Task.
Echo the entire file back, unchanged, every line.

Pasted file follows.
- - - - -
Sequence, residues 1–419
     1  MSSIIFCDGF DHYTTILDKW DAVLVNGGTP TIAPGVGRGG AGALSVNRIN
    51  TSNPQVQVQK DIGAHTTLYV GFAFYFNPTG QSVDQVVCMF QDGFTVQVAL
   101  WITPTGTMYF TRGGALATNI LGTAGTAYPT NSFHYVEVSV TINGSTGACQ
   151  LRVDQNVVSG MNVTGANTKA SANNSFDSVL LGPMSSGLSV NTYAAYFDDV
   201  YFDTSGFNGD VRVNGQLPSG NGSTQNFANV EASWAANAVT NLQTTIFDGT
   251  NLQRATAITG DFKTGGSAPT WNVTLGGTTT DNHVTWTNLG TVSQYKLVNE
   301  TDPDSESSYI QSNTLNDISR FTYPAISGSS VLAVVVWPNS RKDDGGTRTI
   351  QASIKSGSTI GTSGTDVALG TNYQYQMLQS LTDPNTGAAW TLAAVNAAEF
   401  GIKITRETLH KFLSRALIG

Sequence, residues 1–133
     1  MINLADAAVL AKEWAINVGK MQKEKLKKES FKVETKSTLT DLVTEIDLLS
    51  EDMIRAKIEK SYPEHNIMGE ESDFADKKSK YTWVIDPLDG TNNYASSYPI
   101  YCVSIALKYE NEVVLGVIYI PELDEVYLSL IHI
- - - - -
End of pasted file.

Sequence, residues 1–419
     1  MSSIIFCDGF DHYTTILDKW DAVLVNGGTP TIAPGVGRGG AGALSVNRIN
    51  TSNPQVQVQK DIGAHTTLYV GFAFYFNPTG QSVDQVVCMF QDGFTVQVAL
   101  WITPTGTMYF TRGGALATNI LGTAGTAYPT NSFHYVEVSV TINGSTGACQ
   151  LRVDQNVVSG MNVTGANTKA SANNSFDSVL LGPMSSGLSV NTYAAYFDDV
   201  YFDTSGFNGD VRVNGQLPSG NGSTQNFANV EASWAANAVT NLQTTIFDGT
   251  NLQRATAITG DFKTGGSAPT WNVTLGGTTT DNHVTWTNLG TVSQYKLVNE
   301  TDPDSESSYI QSNTLNDISR FTYPAISGSS VLAVVVWPNS RKDDGGTRTI
   351  QASIKSGSTI GTSGTDVALG TNYQYQMLQS LTDPNTGAAW TLAAVNAAEF
   401  GIKITRETLH KFLSRALIG

Sequence, residues 1–133
     1  MINLADAAVL AKEWAINVGK MQKEKLKKES FKVETKSTLT DLVTEIDLLS
    51  EDMIRAKIEK SYPEHNIMGE ESDFADKKSK YTWVIDPLDG TNNYASSYPI
   101  YCVSIALKYE NEVVLGVIYI PELDEVYLSL IHI